‘Learning and development must treat change like wearing new shoes – uncomfortable but worth it’

Lewis Carroll was not regarded as a futurologist. However, in writing the Red Queen’s race in Alice Through the Looking Glass in 1871, he seems to have glimpsed a vision of our increasingly fast-paced world

“Well, in our country,” said Alice, still panting a little, “you’d generally get to somewhere else – if you run very fast for a long time, as we’ve been doing.” “A slow sort of country!” said the Queen. “Now, here, you see, it takes all the running you can do, to keep in the same place. If you want to get somewhere else, you must run at least twice as fast as that!”

The world of work is changing fast. We live more transient work lives and the march of technology means we are able to conduct business with people continents away, across time zones and outside the traditional formal constructs of working life.

But just as the workplace changes, so must our approach to learning and development (L&D), not least because the workforces of the future will be more tech savvy. Give a toddler an iPad and you’ll see what I mean.

Change, especially one of magnitude conducted at speed, can be uncomfortable, and like the first time you wear a new pair of shoes, it can take some getting used to. But it’s important that we commit to the discomfort as that is what forces us to look at new approaches that can deliver greater results.

So the future of learning will look different to what we have become used to, but what shifts do L&D professionals have to make to ensure we move with the times?

First, we have to ensure that L&D is driven by business need, as opposed to generic learning themes that are so prevalent in organisations. By working collaboratively across the business and understanding the day-to-day challenges the business is looking to solve, we are better placed to grasp the requirements that will drive performance and productivity.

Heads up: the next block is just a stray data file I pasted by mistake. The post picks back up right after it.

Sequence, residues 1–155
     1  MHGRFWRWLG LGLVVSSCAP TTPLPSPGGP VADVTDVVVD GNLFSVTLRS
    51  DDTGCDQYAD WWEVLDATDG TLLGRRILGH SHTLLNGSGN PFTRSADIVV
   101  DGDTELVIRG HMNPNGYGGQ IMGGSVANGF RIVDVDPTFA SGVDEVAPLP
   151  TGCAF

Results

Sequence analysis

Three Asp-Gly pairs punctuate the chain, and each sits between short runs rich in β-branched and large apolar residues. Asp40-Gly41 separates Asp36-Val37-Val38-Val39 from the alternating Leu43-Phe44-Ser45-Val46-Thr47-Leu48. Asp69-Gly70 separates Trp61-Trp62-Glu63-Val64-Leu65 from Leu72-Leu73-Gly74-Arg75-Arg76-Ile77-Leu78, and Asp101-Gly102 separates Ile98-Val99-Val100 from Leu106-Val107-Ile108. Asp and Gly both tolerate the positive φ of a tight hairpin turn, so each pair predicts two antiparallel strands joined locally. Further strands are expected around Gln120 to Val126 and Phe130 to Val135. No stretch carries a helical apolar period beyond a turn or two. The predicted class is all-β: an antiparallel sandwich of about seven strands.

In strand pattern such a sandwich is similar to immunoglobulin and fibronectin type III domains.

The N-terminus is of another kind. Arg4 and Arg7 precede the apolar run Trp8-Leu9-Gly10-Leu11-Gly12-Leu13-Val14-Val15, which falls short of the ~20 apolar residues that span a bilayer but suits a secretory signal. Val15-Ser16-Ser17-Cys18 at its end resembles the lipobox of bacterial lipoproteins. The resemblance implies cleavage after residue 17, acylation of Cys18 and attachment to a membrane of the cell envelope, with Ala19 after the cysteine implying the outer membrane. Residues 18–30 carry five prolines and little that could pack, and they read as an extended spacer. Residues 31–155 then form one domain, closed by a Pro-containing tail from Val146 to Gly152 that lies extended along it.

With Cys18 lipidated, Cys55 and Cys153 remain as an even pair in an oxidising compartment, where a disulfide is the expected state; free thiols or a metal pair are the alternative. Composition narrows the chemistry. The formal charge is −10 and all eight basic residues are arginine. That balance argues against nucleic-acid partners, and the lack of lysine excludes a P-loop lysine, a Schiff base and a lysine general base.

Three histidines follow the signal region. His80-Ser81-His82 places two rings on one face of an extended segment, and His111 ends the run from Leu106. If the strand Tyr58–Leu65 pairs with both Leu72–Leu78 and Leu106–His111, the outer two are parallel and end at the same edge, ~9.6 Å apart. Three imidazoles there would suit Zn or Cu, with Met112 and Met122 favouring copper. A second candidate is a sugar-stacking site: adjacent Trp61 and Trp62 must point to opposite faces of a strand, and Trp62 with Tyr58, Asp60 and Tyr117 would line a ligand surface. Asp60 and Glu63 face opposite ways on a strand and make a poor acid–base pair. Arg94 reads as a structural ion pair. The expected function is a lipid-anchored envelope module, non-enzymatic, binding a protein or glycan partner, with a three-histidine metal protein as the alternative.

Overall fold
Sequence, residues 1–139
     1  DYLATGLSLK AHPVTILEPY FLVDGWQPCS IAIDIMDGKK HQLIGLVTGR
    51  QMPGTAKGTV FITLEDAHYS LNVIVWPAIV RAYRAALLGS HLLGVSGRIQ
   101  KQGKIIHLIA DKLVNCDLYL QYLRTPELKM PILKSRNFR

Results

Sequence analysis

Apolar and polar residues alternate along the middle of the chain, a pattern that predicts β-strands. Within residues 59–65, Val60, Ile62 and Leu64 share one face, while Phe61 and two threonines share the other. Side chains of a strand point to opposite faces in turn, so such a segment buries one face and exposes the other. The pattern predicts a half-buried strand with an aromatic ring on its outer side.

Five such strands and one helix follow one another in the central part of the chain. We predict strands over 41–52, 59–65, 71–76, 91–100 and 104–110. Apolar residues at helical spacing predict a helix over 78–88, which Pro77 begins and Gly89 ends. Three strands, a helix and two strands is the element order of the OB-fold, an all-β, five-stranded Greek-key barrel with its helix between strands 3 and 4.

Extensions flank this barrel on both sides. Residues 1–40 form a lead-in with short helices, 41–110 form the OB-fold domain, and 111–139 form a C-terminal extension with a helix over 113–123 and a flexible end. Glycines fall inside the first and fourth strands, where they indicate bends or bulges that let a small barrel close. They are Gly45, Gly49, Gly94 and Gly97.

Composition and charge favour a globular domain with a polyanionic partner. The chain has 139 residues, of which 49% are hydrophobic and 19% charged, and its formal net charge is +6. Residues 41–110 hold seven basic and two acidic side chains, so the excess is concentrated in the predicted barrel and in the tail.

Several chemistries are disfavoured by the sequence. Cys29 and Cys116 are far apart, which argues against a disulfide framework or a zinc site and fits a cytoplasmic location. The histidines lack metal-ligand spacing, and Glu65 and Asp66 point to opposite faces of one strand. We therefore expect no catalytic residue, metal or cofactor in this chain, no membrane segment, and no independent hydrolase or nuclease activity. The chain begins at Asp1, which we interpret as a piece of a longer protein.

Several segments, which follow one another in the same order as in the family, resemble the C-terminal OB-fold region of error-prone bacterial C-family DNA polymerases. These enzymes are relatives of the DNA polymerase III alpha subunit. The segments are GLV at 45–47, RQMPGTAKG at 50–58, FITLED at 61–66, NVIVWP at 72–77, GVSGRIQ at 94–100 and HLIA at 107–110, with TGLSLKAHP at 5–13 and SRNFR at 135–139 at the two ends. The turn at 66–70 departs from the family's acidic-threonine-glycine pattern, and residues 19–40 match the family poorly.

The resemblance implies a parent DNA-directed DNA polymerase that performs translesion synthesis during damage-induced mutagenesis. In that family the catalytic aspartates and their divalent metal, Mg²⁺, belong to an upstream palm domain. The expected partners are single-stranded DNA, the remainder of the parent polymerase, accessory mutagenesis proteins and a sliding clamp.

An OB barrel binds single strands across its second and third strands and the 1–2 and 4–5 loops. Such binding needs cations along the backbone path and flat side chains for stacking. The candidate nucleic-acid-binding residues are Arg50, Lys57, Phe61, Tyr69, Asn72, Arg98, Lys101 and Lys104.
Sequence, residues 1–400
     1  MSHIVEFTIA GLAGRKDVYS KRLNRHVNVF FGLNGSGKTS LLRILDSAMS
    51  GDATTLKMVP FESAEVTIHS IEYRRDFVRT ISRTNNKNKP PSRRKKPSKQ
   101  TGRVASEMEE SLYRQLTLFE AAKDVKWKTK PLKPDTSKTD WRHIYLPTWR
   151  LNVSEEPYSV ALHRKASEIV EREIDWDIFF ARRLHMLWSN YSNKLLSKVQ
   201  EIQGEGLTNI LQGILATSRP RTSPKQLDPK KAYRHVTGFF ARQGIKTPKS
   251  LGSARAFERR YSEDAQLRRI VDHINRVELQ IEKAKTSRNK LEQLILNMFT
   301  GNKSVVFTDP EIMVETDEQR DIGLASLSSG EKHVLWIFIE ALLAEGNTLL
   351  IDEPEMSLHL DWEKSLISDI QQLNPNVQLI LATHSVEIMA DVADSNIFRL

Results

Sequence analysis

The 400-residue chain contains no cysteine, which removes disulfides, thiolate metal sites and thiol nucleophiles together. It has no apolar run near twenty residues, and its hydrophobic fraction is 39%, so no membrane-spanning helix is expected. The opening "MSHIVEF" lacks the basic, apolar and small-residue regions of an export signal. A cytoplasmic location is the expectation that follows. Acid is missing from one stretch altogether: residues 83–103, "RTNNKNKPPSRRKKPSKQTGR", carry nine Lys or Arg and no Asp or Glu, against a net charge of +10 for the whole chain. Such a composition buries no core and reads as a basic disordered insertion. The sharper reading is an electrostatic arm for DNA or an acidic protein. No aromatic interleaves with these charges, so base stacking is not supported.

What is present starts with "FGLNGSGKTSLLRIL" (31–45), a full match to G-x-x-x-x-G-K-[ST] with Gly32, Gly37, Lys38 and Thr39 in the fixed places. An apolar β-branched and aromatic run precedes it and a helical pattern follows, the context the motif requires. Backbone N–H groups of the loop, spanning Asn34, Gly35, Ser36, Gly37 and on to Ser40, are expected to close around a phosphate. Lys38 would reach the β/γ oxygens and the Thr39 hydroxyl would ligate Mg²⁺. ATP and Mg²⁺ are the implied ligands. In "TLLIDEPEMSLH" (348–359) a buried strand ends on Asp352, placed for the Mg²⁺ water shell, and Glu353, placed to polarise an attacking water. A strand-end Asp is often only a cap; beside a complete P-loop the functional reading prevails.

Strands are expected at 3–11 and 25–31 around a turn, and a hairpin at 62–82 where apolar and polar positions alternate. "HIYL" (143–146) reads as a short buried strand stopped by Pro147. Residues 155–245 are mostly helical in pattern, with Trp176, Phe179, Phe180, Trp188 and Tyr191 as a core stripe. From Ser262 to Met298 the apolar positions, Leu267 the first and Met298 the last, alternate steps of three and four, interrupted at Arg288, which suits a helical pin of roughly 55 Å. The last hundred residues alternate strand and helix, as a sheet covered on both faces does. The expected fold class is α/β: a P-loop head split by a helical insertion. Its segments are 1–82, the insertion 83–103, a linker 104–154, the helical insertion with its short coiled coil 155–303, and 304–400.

This also means changing the style of learning. We have all sat through a full day’s learning and death by PowerPoint. The developments in neuroscience have taught us that cognitive overload is a huge barrier to learning and therefore we need to deliver learning in smaller chunks of content that are more readily available.

Put another way, if I am going to negotiate a contract next Friday, the ability for me to refresh my memory a few days before is much greater value than a training session in three weeks’ time. The demand for content now is based on anytime, anyplace learning and that demands digital solutions that may need to be available beyond the company firewall. Options for self-directed learning are crucial to meet learning needs.

L&D now has a role that is far more that of a curator than a creator. Alongside the explosion in technology, we have seen an equally large growth in freely available content. So, like a museum curator who has the choice of the best pieces from thousands of artefacts, L&D professionals should act as content curators, signposting a variety of quality sources to build the best possible solution for the needs of the business.

Finally, we have to focus on learning effectiveness, what we measure and how we measure it. L&D has long focused on measuring impact after the event; you’d run a workshop and then ask for feedback.  Now, with the availability of data and analytics, we have to be far more prescriptive. We should go into a learning scenario knowing exactly the problem we are attempting to solve or performance we are seeking to support, with pre and post-measurement.

In the same way as workplaces are becoming less obsessed about the time employees spend at their desk and more on what they do when they are there, L&D professionals must focus on the outputs and impact of their work, not how many training sessions they provide.

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